The Solaris ZFS Best Practices Guide recommends keeping ZFS pool utilization below 80% for best performance:
- Keep pool space under 80% utilization to maintain pool performance. Currently, pool performance can degrade when a pool is very full and file systems are updated frequently, such as on a busy mail server. Full pools might cause a performance penalty, but no other issues. If the primary workload is immutable files (write once, never remove), then you can keep a pool in the 95-96% utilization range. Keep in mind that even with mostly static content in the 95-96% range, write, read, and resilvering performance might suffer.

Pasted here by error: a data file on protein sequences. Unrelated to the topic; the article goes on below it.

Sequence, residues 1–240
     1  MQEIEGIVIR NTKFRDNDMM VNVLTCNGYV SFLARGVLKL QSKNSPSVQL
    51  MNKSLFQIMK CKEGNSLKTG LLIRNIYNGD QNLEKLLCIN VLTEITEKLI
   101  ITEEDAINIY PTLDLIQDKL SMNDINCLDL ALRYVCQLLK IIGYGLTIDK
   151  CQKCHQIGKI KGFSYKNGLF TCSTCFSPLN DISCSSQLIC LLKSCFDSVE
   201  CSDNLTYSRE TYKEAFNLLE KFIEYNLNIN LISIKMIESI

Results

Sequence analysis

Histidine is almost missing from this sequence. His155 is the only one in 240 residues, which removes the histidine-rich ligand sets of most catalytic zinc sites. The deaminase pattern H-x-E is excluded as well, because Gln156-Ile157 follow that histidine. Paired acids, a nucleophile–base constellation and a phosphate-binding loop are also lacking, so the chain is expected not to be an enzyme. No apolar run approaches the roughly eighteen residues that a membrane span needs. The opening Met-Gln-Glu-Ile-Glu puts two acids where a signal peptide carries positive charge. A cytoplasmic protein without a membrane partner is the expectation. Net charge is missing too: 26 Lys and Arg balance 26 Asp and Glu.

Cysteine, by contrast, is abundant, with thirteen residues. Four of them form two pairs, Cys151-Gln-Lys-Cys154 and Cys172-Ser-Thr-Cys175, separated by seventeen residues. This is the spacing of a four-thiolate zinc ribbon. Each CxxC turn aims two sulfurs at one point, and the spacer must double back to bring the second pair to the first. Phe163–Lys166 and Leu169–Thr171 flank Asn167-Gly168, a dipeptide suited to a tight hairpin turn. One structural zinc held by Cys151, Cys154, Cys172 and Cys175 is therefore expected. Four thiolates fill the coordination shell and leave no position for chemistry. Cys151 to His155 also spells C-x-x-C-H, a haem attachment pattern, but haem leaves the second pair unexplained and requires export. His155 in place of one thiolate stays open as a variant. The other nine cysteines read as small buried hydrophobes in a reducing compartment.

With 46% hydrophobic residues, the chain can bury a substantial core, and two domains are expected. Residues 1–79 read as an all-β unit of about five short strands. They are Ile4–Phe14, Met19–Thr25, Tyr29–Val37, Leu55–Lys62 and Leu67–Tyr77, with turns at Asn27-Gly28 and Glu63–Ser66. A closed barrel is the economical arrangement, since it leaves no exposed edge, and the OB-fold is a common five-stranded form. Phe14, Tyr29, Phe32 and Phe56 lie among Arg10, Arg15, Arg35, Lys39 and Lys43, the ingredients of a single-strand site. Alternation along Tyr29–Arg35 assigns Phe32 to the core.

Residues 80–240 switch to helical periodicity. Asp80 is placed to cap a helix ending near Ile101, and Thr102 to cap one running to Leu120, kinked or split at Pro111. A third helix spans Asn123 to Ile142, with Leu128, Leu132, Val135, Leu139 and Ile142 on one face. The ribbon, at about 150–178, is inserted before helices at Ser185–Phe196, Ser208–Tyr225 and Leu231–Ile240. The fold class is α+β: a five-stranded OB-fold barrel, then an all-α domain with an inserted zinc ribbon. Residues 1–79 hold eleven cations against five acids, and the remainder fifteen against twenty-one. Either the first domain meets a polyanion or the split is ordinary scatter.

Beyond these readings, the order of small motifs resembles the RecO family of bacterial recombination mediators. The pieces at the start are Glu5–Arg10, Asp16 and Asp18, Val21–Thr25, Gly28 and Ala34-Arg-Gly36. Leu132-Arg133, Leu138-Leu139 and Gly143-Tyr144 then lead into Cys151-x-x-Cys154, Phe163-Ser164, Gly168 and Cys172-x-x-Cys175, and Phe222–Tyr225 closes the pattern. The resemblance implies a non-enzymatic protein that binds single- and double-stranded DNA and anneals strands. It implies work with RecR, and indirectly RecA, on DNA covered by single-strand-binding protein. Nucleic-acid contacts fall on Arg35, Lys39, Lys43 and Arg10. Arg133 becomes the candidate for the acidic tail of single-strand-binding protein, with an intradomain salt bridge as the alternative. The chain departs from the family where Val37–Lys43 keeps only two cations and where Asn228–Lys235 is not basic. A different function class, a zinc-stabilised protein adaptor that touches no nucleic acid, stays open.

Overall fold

A common suggestion for how to implement this seems to be to make a file system or volume that is not used to store any data, but which has a size reservation of about 20% of pool capacity.
I can absolutely see, with ZFS' copy-on-write behavior, how this would help with rotational storage, because rotational storage tends to be fairly heavily IOPS-constrained so giving the file system room to make large contiguous allocations makes a lot of sense (even if they wouldn't be used as such all the time).
However, I'm not sure the 80% target makes as much sense with solid state storage, which besides being a good bit more expensive per gigabyte doesn't have anywhere near the IOPS constraints of rotational storage.
Should SSD-backed ZFS pools be restricted to less than about 80% capacity utilization for performance reasons just like HDD-backed pools, or can SSD-backed pools be allowed to fill up more without significant adverse impact on I/O performance?